Melaleuca alternifolia: common name of Tea Tree Oil. A member of the laurel tree family, unusual variety indigenous to the east coast of New South Wales, Australia. Natural stands of trees usually found in low lying, swampy areas. Trees produced from seed are now being grown on plantations in the region. Seeds are quite small, and the quality of the seed affects the output of the plantation. Seedlings take seven to ten days to germinate in the summer months; when ten to fifteen cm. tall, they are transplanted.
The basis of any good tea tree oil crop is the genetic characteristics of the plant stock from which the oil is distilled. When the genetic blueprint for the highest quality essential oil is rigorously selected, there is no need to isolate or blend particular portions of the crop to produce an acceptable quality oil.
The only commercially viable method of extracting Australian tea tree oil is by distillation; most producers use steam distillation. Mechanical harvesters mulch the entire tree into large field bins which are then towed back to the distillery where, with the attachment of a steam hose to their base and a condenser mounted on their top, they become the distillation pot. The oil contained in the leaves and terminal branchlets of the plant is readily vaporized by the steam. Upon cooling, the pure oil is separated from the condensate and without further processing is ready for analysis and shipment.
When a sufficient batch of oil is accumulated, retention and analysis samples are drawn off and sent to an independent accredited laboratory for gas chromatographic analysis. The laboratory also examines the physical constants of the oil (relative density, optical rotation, refractive index, and solubility). These are combined with the GC results of the components stipulated under ISO 4730 to give a full certificate of compliance to the international standard Oil of Melaleuca Terpinen-4-ol Type (Tea Tree Oil).
On at least one of the larger plantations, crops are ecologically sustainable with a very low reliance on chemical control measures. The large flocks of sheep that graze the plantation do an excellent job of grass and weed control, and at the same time convert unwanted plant matter to a soil-enhancing natural manure. Non-toxic vegetable extracts deter insects from feeding on the lush tea tree leaf, while careful husbandry prevents the plants being exposed to principal pests at the time they are most susceptible.
Composition of Tea Tree Essential Oil: Naturally-occurring essential oil, colorless or pale yellow. If discolorations appear, it usually indicates an inferior distillation process. Impurities and weeds in the distillation process may also affect the color. The oil is distilled from leaves of Melaleuca alternifolia, consisting chiefly of terpinenes, cymenes, pinenes, terpineols, cineole, sesquiterpenes, and sequiterpene alcohols. Pleasant characteristic odor with a terebinthinate taste. If odor is strong and varies from batch to batch, it may indicate impurities at the time of distillation.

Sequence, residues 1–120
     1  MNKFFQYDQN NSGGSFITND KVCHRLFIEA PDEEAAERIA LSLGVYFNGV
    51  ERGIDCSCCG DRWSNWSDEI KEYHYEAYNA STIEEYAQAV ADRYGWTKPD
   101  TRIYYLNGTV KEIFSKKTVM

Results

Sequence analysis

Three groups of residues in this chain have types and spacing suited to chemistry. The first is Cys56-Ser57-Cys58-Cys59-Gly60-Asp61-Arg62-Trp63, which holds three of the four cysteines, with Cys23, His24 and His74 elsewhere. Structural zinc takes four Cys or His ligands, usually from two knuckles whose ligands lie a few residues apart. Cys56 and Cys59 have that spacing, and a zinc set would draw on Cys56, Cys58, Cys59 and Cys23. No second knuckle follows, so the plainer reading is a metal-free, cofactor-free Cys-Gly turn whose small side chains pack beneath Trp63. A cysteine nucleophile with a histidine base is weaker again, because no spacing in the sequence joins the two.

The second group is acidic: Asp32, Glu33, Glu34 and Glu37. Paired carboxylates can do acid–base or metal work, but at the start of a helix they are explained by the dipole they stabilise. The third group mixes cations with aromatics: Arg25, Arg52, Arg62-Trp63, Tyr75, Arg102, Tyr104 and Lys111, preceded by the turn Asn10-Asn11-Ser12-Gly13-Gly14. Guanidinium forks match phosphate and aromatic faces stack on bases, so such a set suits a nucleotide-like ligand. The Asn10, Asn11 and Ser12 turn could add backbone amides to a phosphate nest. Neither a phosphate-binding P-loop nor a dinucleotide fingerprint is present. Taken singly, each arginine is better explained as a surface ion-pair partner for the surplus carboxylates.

Action: Pure tea tree oil conforming to Australian standard A.S.D. 175, revised 1985 (AS 2782-1985) and 1996 (ISO 4730) is a powerful broad-range antiseptic, fungicide, and bactericide. The main component is terpinen-4-ol (T-4-ol). Optimal activity at 35-40% w/v. Its bacterial action is increased in the presence of blood, serum, pus, and necrotic tissue. It is able to penetrate deeply into infected tissue and pus, mix with these, and cause them to slough off while leaving a healthy surface. The oil has a very low toxicity, and is virtually a non-irritant even to sensitive tissues. Because of its lower cineole level, tea tree oil is less toxic and less irritating than eucalyptus oil. Be aware that some unknown eucalyptus oils have been blended with a synthetic form of terpinen-4-ol, which alters the chemical composition.
Indications: Cuts, scratches, abrasions, burns, sunburn, prickly heat, insect bites, scalds, allergic and itching dermatoses, napkin and cosmetic rashes, senile, anal and genital pruritus, and lesions caused by herpes simplex virus including herpes labialis and herpes progenitalis. Impetigo contagiosa, furunculosis, psoriasis, and infected seborrhoeic dermatitis. Ringworm of scalp (microsporum canis), tropical ringworm (triphyton), becubitis and stasis ulcers, paronychia, oral thrush (candidiasis), tinea pedis, bromidrosis, and infestation with head, body, or pubic lice. As a gargle, throat spray, and nasal spray. Treatment of cutaneous staphylococcal reservoirs, boils and pimples. Pyorrhea, gingivitis, halitosis, and bronchial and sinus congestion. Gynecological conditions such as trichonomal vaginitis, moniliasis, and endocervicitis.
Precautions: Pure oil will dissolve certain plastics. Store only in glass (preferably amber) containers in a cool place. Extremely sensitive skin may need dilutions of the pure oil. Dilutions of 1:250 are still bacteriostatic against pathogenic streptococci and staphylococci, typhous, pneumococcus, and gonococcus.